primary purpose will be to talk about the content being created using the
other two is counterintuitive at best.


[1] https://www.mediawiki.org/wiki/Flow

On 5 September 2014 21:53, Wil Sinclair <w...@wllm.com> wrote:

> Risker, what do you think might get us all back on track for Flow?
> Should the WMF consider a reset of the project and proceed only after
> making specific and enforceable commitments to work with the
> community? Is a total rewrite in order? Should we go completely tabla
> rasa on it and revisit whether we need something like this at all?
> ,Wil
> On Fri, Sep 5, 2014 at 10:58 AM, Risker <risker...@gmail.com> wrote:
> > I think there have been some pretty strong indications over the years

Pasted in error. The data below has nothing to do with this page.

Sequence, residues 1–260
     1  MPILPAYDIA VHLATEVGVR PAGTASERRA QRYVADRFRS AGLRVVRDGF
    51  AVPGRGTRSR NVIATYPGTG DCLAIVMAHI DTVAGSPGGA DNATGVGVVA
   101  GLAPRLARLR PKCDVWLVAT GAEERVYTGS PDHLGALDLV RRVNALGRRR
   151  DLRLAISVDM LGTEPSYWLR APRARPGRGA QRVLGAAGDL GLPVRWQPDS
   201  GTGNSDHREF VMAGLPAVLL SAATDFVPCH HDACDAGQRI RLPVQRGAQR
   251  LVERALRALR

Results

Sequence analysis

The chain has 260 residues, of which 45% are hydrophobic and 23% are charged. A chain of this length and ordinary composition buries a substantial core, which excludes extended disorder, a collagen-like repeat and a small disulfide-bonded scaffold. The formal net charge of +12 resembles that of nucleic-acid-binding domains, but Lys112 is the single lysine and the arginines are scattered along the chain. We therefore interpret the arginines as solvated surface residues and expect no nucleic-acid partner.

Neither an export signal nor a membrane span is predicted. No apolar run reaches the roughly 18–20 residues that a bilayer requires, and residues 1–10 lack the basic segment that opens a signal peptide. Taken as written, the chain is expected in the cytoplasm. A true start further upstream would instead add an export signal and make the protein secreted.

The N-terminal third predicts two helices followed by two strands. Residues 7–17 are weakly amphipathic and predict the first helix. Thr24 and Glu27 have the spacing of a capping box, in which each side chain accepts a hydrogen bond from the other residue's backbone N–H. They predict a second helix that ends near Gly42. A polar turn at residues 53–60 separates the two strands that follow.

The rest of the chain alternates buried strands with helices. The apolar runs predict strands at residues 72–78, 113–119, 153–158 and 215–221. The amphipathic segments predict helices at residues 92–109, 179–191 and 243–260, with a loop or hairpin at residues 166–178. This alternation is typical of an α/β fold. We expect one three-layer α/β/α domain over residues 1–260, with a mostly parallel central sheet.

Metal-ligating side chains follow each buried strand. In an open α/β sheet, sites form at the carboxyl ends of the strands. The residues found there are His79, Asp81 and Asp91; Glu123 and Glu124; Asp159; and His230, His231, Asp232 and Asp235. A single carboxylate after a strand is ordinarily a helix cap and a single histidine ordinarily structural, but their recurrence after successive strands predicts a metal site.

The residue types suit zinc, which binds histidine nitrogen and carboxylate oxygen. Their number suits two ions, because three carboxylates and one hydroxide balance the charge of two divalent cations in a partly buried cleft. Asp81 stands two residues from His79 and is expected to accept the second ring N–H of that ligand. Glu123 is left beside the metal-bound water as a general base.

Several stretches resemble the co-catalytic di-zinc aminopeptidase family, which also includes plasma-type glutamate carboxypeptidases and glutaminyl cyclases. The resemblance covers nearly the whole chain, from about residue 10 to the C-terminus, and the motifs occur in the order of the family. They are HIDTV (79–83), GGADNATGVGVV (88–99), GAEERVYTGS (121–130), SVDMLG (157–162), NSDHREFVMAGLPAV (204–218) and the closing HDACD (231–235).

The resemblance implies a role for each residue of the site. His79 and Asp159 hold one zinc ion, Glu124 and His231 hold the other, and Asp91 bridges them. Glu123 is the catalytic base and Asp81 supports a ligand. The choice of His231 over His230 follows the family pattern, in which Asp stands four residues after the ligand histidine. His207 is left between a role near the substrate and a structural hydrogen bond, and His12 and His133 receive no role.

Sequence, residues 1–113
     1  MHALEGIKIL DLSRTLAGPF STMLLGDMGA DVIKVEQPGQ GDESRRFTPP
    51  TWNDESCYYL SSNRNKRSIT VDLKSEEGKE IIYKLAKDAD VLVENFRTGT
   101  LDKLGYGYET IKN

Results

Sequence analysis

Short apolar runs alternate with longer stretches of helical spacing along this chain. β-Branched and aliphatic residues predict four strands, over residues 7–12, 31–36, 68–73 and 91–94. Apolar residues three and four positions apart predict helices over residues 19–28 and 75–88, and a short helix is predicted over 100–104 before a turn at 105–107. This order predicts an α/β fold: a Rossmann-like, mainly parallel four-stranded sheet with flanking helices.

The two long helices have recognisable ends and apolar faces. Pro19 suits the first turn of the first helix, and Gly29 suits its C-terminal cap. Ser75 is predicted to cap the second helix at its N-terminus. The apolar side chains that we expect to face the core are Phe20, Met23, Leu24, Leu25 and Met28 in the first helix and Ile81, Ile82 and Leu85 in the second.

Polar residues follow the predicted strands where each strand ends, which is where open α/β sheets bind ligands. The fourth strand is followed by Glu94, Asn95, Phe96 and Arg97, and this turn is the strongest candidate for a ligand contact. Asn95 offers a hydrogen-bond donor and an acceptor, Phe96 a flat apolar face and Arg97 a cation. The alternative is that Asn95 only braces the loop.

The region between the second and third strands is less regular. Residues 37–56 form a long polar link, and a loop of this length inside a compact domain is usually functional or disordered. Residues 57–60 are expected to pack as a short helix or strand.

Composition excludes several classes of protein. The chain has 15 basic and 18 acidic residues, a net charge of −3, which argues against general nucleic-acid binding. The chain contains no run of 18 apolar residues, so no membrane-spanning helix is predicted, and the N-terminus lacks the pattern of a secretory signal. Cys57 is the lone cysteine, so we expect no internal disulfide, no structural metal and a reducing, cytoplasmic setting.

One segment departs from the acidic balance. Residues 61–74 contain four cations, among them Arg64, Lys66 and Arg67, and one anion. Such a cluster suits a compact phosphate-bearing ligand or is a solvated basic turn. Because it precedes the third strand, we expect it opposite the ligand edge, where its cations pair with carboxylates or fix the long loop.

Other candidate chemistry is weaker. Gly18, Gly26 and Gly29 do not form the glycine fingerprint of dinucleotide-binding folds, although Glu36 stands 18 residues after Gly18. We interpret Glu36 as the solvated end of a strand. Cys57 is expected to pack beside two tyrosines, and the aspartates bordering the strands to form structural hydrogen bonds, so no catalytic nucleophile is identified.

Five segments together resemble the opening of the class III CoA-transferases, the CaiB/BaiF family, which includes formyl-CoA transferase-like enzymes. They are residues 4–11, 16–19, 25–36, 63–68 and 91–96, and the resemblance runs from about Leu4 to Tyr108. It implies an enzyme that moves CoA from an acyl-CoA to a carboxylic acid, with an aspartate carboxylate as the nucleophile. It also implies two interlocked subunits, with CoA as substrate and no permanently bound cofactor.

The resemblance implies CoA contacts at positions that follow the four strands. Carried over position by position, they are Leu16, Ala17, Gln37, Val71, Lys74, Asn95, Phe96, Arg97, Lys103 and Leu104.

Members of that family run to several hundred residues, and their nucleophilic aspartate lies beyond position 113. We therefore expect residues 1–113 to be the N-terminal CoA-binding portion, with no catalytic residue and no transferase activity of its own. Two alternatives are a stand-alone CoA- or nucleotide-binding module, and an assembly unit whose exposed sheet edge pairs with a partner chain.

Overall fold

> that
> > the current talk page system needs to be improved.  However, there's been
> > little discussion at all about whether Flow is that improvement.  I have
> > been following the development for quite a while, and it really looks
> like
> > the system was developed backwards: essential functions for effective
> > discussion that already exist and are used on a daily basis were not
> > included in the initial designs, while the design incorporated plenty of
> > bells and whistles that were considered desirable (although the reasons
> for
> > desirability weren't necessarily universally held or particularly clear).
> > This has resulted in a huge amount of re-engineering to incorporate (some
> > of the) needed functions , and a lot of downplaying of the feedback given
> > because the feedback has conflicted with the "bells and whistles" of the